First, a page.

IT is said that 21.1 percent of Filipino families experienced involuntary hunger last year.
According to a Social Weather Station (SWS) survey, the figure is a record high, surpassing 19.9% in 2011 and 2012, and double the average of 9.3% in 2019 before the pandemic.
In the Global Hunger Index of 2020, the Philippines ranks 69th among 107 countries with a score of 19. That level is moderate in terms of its four component indicators: undernourishment, child stunting, child wasting, and child mortality.
We should not allow that level to get worse considering we have enough resources to feed our people. Otherwise, hunger will be our next tough enemy after COVID-19.
Fully aware of this are members of the private sector. One of which is the Aboitiz Group which recently pledged support to the government’s anti-hunger campaign, seeking to address involuntary hunger and malnutrition in the country, one of the most pressing global problems compounded by the coronavirus 2019 (COVID-19) pandemic.
With its own social initiatives aligned with the United Nations Sustainable Development Goals (SDG), the Aboitiz Group believes collaborating with the government in its effort to combat hunger in the country or eradicate it altogether is crucial to realizing SDG Goal No. 2 or Zero Hunger by 2030.
Through its food subsidiary Pilmico, Aboitiz has been advocating food security by supporting local farmers through sustainable livelihood programs and promoting locally-grown food consumption.
Pilmico’s flagship program ‘Mahalin Pagkaing Atin’ campaign (now called ‘Pilmico Livelihood Program) which was launched in 2014 aims to provide sustainable livelihood businesses in places with high incidences of poverty, disasters, and conflicts. It tells the stories of farmers whose produce reflect the various geographical areas in the country, as well as the differences in local farming practices and culture.
The program aims to help people rebuild their lives; promote sustainable livelihood by promoting locally grown produce; instill a “pride of product, pride of place” mindset for both the farmers and the local consumers.
Helping farmers increase their capability to earn adequate income and increase farm productivity would alleviate the longstanding predicament of hunger in the country, said Aboitiz Group President and CEO Sabin M. Aboitiz.
The Inter-Agency Task Force on Zero Hunger launched in November last year the ‘Pilipinas Kontra Gutom (PKG) (Lahat Kasali, Lahat Kasalo)’ project, a multi-sectoral collaboration that aims to tackle the roots of involuntary hunger which includes challenges in food production, distribution, accessibility, hidden hunger, and malnutrition.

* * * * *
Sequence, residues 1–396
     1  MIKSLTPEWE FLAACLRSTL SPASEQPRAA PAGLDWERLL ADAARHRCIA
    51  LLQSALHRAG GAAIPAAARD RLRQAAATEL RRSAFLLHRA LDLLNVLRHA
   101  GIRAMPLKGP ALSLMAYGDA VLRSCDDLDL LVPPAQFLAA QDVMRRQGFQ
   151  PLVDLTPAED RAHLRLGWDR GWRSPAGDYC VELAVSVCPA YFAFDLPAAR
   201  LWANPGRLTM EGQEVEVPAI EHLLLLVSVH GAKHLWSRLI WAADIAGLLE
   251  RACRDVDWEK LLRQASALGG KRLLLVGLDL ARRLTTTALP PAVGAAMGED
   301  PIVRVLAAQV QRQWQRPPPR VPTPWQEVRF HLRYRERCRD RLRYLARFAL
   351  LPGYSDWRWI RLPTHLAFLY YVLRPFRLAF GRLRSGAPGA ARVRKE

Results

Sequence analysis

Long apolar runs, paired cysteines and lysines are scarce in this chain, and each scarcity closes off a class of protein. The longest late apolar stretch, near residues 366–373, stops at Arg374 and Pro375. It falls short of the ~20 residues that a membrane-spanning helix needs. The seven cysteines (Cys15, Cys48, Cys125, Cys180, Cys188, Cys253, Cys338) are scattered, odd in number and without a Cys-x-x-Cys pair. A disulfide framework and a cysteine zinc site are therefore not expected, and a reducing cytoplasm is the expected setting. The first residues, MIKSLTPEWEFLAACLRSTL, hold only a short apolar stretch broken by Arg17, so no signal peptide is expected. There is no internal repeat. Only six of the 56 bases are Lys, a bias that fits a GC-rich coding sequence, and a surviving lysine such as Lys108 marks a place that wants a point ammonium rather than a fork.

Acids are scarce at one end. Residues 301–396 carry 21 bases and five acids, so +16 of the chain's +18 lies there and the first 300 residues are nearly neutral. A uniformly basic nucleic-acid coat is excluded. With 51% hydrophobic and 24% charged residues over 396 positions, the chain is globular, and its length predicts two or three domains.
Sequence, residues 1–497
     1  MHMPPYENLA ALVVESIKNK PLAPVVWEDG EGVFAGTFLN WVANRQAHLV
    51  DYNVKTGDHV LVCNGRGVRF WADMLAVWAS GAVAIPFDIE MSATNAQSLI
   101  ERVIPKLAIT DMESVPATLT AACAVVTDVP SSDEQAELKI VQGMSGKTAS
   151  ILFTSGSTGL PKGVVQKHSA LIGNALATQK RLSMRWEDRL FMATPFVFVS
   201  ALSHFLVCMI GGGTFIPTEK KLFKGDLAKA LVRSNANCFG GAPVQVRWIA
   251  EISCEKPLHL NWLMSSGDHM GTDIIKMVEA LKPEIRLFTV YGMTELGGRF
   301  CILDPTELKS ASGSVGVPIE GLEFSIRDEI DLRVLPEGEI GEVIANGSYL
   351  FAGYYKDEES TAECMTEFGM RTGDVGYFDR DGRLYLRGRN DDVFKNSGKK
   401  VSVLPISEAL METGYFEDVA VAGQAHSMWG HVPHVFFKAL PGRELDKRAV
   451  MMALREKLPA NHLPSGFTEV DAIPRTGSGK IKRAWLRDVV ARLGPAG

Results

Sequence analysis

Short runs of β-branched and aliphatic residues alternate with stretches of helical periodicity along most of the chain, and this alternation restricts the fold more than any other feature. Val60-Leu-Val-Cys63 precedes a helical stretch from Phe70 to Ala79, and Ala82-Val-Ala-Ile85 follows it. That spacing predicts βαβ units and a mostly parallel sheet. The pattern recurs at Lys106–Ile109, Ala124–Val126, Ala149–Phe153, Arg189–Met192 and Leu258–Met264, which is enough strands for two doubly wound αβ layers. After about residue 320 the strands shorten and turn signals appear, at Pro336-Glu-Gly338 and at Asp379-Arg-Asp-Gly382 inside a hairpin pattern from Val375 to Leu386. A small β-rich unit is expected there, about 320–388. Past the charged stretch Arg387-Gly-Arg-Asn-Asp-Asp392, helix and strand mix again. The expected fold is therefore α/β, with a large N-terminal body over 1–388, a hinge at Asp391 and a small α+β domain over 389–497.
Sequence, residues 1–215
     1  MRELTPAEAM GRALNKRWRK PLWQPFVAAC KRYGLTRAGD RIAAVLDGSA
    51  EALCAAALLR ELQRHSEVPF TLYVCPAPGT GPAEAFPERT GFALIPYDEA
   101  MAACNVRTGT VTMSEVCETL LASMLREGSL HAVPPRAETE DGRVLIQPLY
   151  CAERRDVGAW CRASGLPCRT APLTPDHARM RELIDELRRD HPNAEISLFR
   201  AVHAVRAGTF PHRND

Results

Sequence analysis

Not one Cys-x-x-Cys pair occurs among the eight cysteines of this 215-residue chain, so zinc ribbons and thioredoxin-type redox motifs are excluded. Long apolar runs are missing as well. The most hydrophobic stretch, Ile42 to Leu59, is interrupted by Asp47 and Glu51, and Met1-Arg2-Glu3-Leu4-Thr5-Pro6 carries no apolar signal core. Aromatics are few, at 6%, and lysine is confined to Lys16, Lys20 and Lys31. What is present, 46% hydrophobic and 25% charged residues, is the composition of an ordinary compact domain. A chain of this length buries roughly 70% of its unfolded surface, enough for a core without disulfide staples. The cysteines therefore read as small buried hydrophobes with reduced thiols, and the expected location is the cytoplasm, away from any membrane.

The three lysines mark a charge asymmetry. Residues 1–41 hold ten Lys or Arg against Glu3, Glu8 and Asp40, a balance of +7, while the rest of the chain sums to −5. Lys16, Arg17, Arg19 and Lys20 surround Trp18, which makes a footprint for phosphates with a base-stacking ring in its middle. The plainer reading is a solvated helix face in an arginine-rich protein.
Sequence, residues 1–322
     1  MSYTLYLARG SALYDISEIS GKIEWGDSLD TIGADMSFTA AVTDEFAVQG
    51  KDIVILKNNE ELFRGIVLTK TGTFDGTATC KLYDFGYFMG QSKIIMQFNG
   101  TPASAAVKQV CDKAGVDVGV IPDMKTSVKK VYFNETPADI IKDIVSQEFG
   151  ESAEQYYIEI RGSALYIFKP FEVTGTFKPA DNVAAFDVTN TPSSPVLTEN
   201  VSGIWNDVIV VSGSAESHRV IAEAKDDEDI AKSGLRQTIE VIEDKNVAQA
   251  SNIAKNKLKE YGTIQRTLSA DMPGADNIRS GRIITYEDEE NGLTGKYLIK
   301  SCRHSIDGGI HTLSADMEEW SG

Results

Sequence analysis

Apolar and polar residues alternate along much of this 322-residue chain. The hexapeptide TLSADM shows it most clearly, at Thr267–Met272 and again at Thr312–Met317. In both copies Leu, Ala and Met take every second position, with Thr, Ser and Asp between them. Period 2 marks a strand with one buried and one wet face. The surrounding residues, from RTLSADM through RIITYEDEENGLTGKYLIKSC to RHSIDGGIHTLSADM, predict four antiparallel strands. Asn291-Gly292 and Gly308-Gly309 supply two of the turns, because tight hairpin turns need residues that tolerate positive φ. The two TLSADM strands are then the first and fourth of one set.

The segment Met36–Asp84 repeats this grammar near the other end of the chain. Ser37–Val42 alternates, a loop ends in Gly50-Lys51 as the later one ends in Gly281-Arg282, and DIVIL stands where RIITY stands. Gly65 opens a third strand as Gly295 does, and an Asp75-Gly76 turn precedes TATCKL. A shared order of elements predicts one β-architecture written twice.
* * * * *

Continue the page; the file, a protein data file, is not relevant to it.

The task force, led by Cabinet Secretary Karlo Nograles, rallied the support of the academe, non-profit organizations, private corporations, and the general public to help develop sustainable solutions on food availability, increased food accessibility, adequacy of food nutrition, and assistance in hunger-stricken communities, especially during this time of crisis ー the four program workstreams.
The Aboitiz Group is a co-lead for Workstream 1, which is focused on food availability. It aims to double the productivity and income of small-scale producers using sustainable food systems.
Our call to bayanihan is a call to all organizations and each and every Filipino to help fellow Filipinos (Lahat Kasali, Lahat Kasalo),” Nograles said during PKG’s private sector launch recently, thanking all those who readily responded to the call for cooperation to help more communities across the country.
He thanked the private sector for not only simply responding to the call but taking the lead and going that extra mile. He assured that the government is doing all that it possibly can to eradicate hunger and all forms of malnutrition.
The Cabinet secretary also called on the private sector to help decentralize benefits from highly urbanized cities and bring aid to impoverished municipalities with less resources and fewer or no benefactors at all.
Other entities which have already pledged support are Ronald McDonald’s House Charities, Cobena, Jollibee, Nestle, Vitarich, Unilever, J&J, Coca-Cola, San Miguel, among others.
I hope more would join the bandwagon to fight hunger in our country.
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